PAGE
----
Malta Maritime Museum

The Maritime Museum is housed within the former Royal Naval bakery in Vittoriosa, which was constructed in the 1840s on the site of the arsenal of the navy of the Order of St John. Designed by architect William Scamp, with a façade reportedly inspired by Windsor Castle, the site was used as the main bakery for the Mediterranean Fleet, supplying naval personnel with food and drink.

The bakery was then converted into the headquarters of the Admiralty Constabulary after the Second World War, and remained in use until the British Forces left Malta in 1979. It was subsequently abandoned until its reopening as the Malta Maritime Museum in 1992.

The museum aims to illustrate Malta’s maritime history, highlighting different epochs from prehistory to the present, and now displays a collection of over 20,000 artefacts, namely models of ships, paintings, weapons, uniforms, documents and marine equipment. A noteworthy highlight in the museum’s collection is a model of a warship of the navy of the Order of St John, with this particular model dating back to the mid-18th century, probably having been used by the Order’s nautical school.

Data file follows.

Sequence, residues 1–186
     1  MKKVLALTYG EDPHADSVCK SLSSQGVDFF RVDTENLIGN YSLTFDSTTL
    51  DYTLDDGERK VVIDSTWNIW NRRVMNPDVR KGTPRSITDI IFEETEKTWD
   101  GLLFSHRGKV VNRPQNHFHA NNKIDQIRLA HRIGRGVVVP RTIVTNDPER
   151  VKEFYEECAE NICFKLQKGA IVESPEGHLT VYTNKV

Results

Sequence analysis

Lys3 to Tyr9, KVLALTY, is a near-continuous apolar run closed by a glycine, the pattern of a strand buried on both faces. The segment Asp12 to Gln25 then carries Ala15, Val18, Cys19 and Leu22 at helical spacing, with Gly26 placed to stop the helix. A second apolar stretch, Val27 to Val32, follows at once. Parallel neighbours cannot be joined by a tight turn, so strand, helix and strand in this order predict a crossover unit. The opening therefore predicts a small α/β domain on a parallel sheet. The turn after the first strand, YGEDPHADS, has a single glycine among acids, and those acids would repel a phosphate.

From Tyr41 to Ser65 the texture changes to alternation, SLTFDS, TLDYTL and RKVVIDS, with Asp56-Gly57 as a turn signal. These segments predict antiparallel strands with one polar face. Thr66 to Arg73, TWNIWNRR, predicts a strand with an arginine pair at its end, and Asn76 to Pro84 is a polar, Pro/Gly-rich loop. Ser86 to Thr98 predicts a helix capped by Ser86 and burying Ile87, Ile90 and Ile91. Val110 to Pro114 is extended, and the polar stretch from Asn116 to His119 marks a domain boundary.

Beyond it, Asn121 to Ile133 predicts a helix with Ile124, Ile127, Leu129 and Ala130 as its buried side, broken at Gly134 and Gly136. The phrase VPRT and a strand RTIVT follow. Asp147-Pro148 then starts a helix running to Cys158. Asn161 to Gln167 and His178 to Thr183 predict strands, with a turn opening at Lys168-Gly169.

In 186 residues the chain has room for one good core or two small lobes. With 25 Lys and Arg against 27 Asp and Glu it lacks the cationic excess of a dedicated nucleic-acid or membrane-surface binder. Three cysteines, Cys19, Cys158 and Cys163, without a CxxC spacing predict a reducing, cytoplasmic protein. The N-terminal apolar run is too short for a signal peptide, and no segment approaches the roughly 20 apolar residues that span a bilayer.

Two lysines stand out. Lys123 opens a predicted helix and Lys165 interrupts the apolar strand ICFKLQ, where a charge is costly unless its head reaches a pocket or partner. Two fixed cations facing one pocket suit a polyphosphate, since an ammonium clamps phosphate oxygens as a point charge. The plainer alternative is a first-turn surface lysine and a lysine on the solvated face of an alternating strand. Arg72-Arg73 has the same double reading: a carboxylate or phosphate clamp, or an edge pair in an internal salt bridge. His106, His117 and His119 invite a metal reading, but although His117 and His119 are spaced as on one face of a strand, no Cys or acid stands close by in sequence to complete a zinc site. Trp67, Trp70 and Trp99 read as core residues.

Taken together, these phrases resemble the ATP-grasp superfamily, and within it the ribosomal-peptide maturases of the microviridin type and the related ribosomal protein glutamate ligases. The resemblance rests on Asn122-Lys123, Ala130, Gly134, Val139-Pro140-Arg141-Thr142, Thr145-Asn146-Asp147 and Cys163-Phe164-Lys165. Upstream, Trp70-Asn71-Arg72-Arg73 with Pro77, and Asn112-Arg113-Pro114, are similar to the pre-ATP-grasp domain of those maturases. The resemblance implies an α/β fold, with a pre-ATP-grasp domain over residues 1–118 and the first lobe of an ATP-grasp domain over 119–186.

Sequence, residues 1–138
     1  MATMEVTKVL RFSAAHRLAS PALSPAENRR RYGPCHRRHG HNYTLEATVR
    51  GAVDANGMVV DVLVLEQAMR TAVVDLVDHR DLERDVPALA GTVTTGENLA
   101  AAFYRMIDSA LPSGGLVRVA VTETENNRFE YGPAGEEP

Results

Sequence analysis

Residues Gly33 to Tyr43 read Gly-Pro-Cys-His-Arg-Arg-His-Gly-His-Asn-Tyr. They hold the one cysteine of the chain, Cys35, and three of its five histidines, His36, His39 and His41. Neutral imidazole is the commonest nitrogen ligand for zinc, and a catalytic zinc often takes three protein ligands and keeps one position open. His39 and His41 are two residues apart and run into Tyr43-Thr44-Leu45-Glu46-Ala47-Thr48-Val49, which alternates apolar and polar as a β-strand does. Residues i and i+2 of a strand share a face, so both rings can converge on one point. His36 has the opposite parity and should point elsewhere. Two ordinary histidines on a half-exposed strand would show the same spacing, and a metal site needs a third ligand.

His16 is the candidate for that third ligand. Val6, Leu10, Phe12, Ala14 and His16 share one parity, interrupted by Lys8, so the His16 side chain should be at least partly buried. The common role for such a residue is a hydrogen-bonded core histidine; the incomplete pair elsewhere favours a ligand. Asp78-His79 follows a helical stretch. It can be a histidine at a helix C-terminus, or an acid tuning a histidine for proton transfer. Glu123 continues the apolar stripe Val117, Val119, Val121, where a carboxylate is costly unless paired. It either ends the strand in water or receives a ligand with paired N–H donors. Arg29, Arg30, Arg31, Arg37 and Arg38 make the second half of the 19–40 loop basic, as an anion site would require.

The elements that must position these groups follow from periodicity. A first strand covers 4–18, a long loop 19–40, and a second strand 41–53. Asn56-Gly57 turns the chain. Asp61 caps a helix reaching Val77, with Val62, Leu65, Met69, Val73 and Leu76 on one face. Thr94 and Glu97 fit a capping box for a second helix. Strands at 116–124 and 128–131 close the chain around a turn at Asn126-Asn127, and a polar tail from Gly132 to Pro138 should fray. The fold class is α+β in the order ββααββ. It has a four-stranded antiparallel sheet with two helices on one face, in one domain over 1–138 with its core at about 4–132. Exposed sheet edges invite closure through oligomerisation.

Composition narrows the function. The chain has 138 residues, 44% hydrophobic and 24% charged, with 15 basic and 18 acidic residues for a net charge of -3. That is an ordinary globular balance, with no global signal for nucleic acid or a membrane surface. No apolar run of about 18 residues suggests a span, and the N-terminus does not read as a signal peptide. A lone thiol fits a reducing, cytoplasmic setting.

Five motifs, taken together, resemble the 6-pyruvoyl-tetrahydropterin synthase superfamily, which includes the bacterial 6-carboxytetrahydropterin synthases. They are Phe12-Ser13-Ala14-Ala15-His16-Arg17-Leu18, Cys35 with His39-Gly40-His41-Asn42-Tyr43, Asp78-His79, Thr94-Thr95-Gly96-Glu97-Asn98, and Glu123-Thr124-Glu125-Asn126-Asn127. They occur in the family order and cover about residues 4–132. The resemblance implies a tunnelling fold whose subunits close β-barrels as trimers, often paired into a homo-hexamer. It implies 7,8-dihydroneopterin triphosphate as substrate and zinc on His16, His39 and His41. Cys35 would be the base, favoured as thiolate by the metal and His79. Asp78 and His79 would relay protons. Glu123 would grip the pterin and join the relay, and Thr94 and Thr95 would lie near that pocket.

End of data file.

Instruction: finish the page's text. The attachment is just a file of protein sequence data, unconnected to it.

Other highlights include unique artefacts such as the largest known Roman anchor in the world, the earliest known ex-voto on the island, the largest collection of cannons on the island, the Georgian figurehead of the 110-gun ship HMS Hibernia and a 1950s functioning steam engine. 



Performances at the Malta Maritime Museum



12 noon

The Goldberg Variations have been endlessly transcribed for all sorts of instruments which makes them all the more fascinating. If you ever wondered how they sound on clarinet, violin and marimba, then join the MOA Trio at the Maritime Museum to find out.